Before entering Dendemille Town, I turn south for a look at the route leading back towards Lumiose City. This whole north-eastern area seems to be in a state of perpetual autumn, in contrast to the permanent summer of the rest of Kalos, and has inhabitants to match; in addition to several of the same Pokémon as I found on the last route, I find Foonguss and two new Ghost/Grass Pokémon: Phantump, a dark wisp inhabiting a tree stump, and Pumpkaboo, the floating pumpkin I encountered in Lumiose City. Seeing two new Pokémon with the same previously unseen type combination in the same area initially makes me think that they probably influence each other’s evolution in some way, like Shelmet and Accelgor, but I am informed that this is not the case – they just evolve when traded. Doing so results in Trevenant, an utterly terrifying undead tree with a single glowing red eye and six splayed insect-like legs, and Gourgeist, a jack-o’-lantern with some kind of vaguely-feminine looking eel-like head and a pair of pink things that could easily be hair, arms, tentacles, or all three. This adorably creepy little specimen “enwraps its prey in its hairlike arms [and] sings joyfully as it observes the suffering of its prey.” So… that’s fun. The route’s only other notable feature is a network of jetties built out over a lake to maximise the area available for fishing; here I am given a Super Rod, but come across nothing of particular interest in testing it out. Satisfied that this route has nothing more for me at the moment, I return north.
If Dendemille Town’s surroundings are trapped in autumn, the town itself is locked in an eternal winter. Snow falls on hardy evergreens as stubborn farmers try to coax life from frozen soil. The town’s most prominent feature is a huge windmill surrounded by some kind of massive fortification wall, so presumably they do manage to produce something here (not much point in a windmill without grain). Shortly after entering the town, I am met by Professor Sycamore, with Right in tow (Left, presumably, is off fighting crime). Sycamore rambles incoherently about journeys and cafés for a while, before slipping into a brief eulogy of Kalos’ amazing legendary Pokémon, Xerneas, who “resembles the letter X.” No-one knows anything concrete about Xerneas, but Right promises to do some research. They both leave, giving me the chance to check out more of Dendemille Town and find what is perhaps its most important feature from my perspective: the home of the move deleter and move relearner. At last, I can experience the true glory of Clawitzer’s movepool – Mega Launcher-boosted Dark Pulse, Dragon Pulse and Aura Sphere. I only have three Heart Scales and I want to teach Dragon Pulse to my Lucario as well, so I greedily snatch up Dark Pulse and Aura Sphere and move on. Dendemille Town doesn’t appear to have a Pokémon Gym, but the next route is impassable: nothing but huge drifts of snow all around. The inhabitants inform me that there is normally a Mamoswine who carries travellers through the snow, but this Mamoswine is currently “distracted by something” in the Frost Cavern north of Dendemille Town, so I suppose there’s nothing for it but to go and find the damn thing myself… and maybe pick up some nifty new Ice Pokémon in the process.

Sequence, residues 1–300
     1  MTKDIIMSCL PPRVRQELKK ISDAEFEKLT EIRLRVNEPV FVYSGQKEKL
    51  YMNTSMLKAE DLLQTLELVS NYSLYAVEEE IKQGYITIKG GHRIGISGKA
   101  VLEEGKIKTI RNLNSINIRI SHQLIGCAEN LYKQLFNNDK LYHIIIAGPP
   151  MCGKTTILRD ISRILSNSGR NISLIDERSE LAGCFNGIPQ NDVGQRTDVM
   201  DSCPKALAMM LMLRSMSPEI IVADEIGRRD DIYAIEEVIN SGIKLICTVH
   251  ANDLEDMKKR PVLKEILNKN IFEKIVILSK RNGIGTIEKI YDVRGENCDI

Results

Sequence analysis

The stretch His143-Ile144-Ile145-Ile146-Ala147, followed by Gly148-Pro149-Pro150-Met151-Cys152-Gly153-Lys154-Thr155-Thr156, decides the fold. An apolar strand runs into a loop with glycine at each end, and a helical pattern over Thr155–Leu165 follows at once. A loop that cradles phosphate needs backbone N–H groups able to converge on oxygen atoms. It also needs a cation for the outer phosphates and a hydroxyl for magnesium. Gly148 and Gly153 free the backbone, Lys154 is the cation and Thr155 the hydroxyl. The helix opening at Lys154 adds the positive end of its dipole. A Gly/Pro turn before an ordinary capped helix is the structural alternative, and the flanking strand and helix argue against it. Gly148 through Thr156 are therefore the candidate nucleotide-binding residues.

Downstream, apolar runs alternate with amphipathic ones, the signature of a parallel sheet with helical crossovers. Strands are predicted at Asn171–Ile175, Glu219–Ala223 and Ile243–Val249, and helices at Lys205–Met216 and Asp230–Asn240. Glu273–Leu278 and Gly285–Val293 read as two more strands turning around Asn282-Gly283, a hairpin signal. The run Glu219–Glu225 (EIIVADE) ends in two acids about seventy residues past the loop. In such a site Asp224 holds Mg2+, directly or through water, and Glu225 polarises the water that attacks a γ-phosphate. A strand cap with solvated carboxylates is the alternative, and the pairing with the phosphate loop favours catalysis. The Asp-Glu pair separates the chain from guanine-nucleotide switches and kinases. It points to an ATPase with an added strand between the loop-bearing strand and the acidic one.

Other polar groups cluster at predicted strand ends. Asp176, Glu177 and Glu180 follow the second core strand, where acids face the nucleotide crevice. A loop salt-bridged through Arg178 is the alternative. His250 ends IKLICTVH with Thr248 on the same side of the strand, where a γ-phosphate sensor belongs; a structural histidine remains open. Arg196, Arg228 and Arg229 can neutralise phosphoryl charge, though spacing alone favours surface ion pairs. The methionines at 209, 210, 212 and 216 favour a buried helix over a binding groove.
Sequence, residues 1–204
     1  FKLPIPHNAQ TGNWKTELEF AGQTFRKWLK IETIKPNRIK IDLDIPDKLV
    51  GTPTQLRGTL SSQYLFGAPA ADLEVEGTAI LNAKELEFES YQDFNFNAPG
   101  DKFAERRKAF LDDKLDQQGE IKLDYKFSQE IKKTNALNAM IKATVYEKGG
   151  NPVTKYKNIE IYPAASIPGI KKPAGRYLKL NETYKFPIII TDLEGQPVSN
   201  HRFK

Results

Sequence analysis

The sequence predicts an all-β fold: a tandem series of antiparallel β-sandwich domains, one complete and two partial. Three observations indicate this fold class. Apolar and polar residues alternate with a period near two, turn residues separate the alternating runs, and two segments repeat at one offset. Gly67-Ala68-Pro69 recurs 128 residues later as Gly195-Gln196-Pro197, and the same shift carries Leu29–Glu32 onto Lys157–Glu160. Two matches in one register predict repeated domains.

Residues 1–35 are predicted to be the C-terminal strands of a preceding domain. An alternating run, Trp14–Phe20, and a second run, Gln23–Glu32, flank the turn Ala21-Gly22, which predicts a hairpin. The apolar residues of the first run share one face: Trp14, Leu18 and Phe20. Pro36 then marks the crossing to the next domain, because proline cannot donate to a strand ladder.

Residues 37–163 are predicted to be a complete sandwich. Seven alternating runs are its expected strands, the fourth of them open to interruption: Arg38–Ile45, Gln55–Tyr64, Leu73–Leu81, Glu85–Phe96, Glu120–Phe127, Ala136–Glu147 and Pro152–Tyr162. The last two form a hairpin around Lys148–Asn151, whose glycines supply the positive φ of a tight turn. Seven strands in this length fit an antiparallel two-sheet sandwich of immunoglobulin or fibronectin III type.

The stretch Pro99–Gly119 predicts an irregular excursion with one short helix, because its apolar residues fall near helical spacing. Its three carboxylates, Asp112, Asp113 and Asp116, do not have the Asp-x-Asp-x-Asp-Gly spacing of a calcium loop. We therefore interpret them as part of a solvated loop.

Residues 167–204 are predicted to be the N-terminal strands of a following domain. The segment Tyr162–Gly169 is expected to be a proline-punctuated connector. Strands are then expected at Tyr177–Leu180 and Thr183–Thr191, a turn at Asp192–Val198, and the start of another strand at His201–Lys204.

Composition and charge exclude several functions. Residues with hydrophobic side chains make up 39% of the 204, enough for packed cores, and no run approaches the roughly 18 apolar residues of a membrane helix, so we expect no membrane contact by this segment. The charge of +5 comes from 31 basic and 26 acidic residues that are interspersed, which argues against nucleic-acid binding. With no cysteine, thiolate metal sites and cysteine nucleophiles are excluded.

It doesn’t take long for me to find Mamoswine, in the company of a boy whom I assume is its trainer, in the stark snowbound mountains north of town. Apparently Mamoswine is worried about something going on in the cavern, but either can’t or won’t do anything about it. Trevor, who wants to investigate species distribution in the Frost Cavern, volunteers to look into it, but my confidence in Trevor’s abilities has never been high, so I head into the cave along with him to find out what’s wrong. The Frost Cavern is giving me flashbacks to the Ice Path of Gold and Silver, with all its ‘icy floor’ puzzles and, of course, its Ice-type fauna – Beartic, Cryogonal, Piloswine, Jynx, and a weird little pyramid-shaped Ice Pokémon called a Bergmite, a sort of physical tank whose main strength appears to be “being a block of ice.” The fact that X and Y allow diagonal movement becomes quite important here, because it means you can slide diagonally across the ice floors – I think there’s only one part of the area that actually requires this, but I must have stared at the screen for about ten minutes before I thought of trying it (so much for my vaunted lateral thinking skills…). In the depths of the cave, I locate the problem: surprise, surprise; it’s Team Flare. A pair of grunts and a blue-haired woman wearing a visor, presumably another scientist, are tormenting a huge Abomasnow, apparently to test the limits of its power before they capture it. Trevor arrives and orders them to stop, which they predictably ignore. The scientist, Mable, explains that they’re collecting Pokémon and energy for their dastardly plans, which apparently involve destroying everyone who isn’t part of their group. She has only one Pokémon, a powerful Houndoom, which I dispatch with my Clawitzer. Defeated, she and her grunts flee. Trevor departs in relief, and I turn to go as well – but feel a tap on my shoulder. Well, I say a ‘tap,’ it’s more of a heavy, blunt ‘thunk,’ but a tap seems to have been the intention. It’s Abomasnow, who wants to thank me with a gift: a green-and-white Abomasite orb. Mega Abomasnow, huh? Could this be what uplifts Hail to equal status with the other major weather effects? Eh, probably not, but we’ll see.